Shotgun Shell Ballistics & Penetration
By Marvin McDonald ( J J Mac )
I have investigated the effect of shot size and velocity on penetration in waterfowl. I decided to publish the results because others might be interested as well.
The recommendation most commonly encountered in the DHC Forums for adequate penetration for clean kills with steel shot is a velocity of 575 fps or 600 fps for all shot sizes. The implication is that all shot sizes penetrate to the same depth if the velocity is the same for all sizes. Then “maximum kill distances” are obtained from ballistics data corresponding to either 575 or 600 fps. A constant-velocity rule-of-thumb for equivalent penetration by all shot sizes is very simple and therefore desirable but it is well known that all shot sizes do not penetrate the same at a given velocity and thus this rule can’t be technically correct.
For example, people use large shot for Giant Canadas because the large shot penetrates more than small shot at the same velocity. This results in cleaner kills whereas smaller shot works great for smaller waterfowl because of better pattern density and a lesser amount of penetration. Also, hunters use buckshot to kill deer and other large game and police and military personnel use buckshot to stop bad guys. This is due to the penetration of the buckshot which will stop and/or kill the larger targets. Smaller shot size will not penetrate on a consistent basis, at least at normal ranges.
I will show later in this article that the velocity – diameter relationship for equivalent penetration is D2 V2 = D1 V1 for two different pellet sizes of the same density.
Penetration through vital organs is necessary and anything more than that is not needed. However, many hunters think it is desirable for shot to have adequate penetration to exit waterfowl so that one does not chomp down on steel shot at the dinner table.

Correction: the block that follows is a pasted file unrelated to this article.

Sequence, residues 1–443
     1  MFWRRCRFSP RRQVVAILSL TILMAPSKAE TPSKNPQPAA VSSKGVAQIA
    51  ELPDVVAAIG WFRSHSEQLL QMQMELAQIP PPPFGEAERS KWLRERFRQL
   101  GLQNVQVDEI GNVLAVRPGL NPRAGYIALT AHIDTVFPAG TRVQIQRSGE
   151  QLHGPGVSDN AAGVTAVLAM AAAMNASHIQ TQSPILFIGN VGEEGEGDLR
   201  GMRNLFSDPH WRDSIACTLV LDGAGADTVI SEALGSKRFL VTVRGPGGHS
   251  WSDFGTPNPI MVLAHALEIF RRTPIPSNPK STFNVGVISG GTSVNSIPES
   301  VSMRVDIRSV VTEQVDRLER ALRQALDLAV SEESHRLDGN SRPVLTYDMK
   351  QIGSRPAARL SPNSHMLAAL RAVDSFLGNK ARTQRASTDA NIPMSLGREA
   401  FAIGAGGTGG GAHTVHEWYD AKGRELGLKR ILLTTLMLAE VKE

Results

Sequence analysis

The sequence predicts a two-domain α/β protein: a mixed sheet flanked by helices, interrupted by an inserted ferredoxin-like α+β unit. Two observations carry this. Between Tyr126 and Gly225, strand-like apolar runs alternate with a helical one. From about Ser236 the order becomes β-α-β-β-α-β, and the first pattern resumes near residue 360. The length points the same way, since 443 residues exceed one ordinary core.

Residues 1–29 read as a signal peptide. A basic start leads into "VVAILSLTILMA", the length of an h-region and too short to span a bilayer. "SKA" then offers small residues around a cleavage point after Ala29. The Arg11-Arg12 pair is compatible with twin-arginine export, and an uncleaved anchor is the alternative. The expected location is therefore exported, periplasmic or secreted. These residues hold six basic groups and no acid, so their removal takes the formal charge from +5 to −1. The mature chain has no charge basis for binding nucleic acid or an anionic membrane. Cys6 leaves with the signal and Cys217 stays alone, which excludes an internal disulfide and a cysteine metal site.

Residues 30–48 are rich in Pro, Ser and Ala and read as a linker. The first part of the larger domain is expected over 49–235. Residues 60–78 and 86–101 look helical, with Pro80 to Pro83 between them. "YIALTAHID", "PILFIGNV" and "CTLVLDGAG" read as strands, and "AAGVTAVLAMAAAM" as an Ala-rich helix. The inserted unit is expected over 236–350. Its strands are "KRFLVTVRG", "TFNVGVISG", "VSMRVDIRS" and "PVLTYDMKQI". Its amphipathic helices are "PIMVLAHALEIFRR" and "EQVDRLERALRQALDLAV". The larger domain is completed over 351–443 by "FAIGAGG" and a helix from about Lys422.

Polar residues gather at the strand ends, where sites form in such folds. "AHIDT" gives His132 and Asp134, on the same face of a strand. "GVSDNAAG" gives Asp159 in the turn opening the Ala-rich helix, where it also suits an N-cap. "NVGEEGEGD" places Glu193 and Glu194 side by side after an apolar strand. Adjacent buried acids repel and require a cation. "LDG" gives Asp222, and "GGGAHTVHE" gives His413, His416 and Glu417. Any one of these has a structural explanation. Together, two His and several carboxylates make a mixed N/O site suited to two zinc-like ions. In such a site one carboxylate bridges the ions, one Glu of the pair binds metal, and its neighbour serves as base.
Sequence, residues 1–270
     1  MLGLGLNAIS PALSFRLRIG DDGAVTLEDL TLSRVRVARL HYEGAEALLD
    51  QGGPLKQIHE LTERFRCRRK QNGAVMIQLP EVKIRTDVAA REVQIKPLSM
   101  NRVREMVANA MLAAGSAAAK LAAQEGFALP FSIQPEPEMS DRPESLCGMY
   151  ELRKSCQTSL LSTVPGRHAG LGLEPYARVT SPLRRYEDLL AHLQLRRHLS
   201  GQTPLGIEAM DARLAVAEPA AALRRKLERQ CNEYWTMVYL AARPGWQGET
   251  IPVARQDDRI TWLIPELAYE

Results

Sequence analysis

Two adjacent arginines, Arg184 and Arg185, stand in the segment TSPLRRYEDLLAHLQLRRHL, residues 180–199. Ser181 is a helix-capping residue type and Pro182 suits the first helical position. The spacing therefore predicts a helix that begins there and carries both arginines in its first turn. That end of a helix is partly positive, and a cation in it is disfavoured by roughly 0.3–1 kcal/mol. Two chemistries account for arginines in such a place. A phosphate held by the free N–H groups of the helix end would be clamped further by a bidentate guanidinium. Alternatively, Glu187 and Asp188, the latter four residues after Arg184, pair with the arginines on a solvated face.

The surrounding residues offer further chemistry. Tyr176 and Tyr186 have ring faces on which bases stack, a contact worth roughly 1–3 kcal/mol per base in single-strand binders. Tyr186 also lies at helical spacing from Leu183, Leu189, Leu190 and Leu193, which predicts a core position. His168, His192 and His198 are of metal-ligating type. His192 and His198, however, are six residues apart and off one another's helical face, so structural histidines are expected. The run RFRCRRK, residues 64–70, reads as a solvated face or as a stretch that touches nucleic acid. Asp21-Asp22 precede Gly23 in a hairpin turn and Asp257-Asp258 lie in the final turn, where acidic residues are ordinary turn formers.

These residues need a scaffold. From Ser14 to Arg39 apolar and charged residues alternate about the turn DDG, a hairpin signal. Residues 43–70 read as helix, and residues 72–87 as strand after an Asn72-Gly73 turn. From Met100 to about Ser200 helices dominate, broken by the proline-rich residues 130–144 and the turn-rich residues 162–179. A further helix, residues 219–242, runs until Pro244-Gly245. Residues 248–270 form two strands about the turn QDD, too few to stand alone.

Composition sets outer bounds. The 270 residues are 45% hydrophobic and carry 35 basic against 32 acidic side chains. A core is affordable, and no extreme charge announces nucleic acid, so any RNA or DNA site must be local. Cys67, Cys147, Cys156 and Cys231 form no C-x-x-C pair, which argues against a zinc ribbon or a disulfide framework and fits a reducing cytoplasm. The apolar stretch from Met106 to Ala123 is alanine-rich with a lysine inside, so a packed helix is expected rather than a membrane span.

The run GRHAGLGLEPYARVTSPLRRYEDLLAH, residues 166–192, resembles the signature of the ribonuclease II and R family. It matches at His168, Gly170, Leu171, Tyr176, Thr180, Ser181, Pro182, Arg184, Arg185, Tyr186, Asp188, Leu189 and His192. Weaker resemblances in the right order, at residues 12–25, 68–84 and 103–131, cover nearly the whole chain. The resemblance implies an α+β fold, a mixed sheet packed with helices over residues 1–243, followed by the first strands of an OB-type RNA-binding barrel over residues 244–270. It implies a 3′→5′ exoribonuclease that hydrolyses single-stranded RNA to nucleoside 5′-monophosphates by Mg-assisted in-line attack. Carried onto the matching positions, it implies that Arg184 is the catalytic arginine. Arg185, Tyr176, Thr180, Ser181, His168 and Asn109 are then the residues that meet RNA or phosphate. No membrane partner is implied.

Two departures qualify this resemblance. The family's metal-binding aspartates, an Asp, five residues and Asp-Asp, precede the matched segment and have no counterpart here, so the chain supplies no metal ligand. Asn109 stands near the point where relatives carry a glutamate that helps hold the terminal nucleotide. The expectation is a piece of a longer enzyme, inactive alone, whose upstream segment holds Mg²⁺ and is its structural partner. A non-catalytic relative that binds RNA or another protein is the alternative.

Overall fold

In what follows, the shot is assumed to be spherical and non-deformable.
More on the 600 fps Rule
The Shotshell Ballistics (SSB) software by Ed Lowry and Keith Garner can be used to obtain the penetration of different shot sizes at any velocity. Pellet Penetration output is the number of inches that the pellet penetrates into ballistic gelatin and is based on experimental data. Unlike the heterogeneous nature of waterfowl (feathers, skin, bone, organs, muscle, etc), ballistic gelatin is a homogeneous material that is made up and calibrated before each use and is used under specified conditions so that reproducible results are obtained. The following table shows the penetration of steel pellets of various sizes at 600 fps from the SSB software.
As expected, the penetration at 600 fps varies significantly for different shot sizes. For example, T pellets penetrate 2.6 times as much as #7 pellets, 1.6 times as much as #3 pellets, and 24% more than B pellets.
Ducks – SSB Software for Constant Penetration by Different Shot Sizes
Now, let’s see what the SSB program gives for the velocities and distances for equivalent penetration when shooting shot sizes appropriate for ducks. For this purpose, I will assume that #3 steel shot at 600 fps has an appropriate penetration for the type shooting that will be done. This is a completely arbitrary selection at this point just to illustrate the method and the deviation from the 600 fps rule-of-thumb. From Table 1, the penetration in ballistic gelatin for #3 shot at 600 fps is 1.28 inches so that will be the penetration used for all the different shot sizes. Since all the shot sizes will have the same penetration in ballistic gelatin they will also have the same average penetration performance in waterfowl even though it will be different than the ballistic gelatin penetration of 1.28 inches. Of course, the heterogeneous nature of a duck will dictate that the penetration will not always be exactly the same for any two pellets that penetrate in different locations so we are talking average values here. I cover the large range from #7 shot up to B shot just to see the effect even though the most commonly used steel shot sizes for ducks are #4 – #2.
The 600 fps rule-of-thumb gives distances for that are too far for pellet sizes smaller than #3 and too close for the pellets larger than #3. Note also that the velocity required for 1.28 inches penetration in ballistic gelatin varies greatly for the different diameter shot from 847 fps at the smallest size shown to 501 fps for B shot.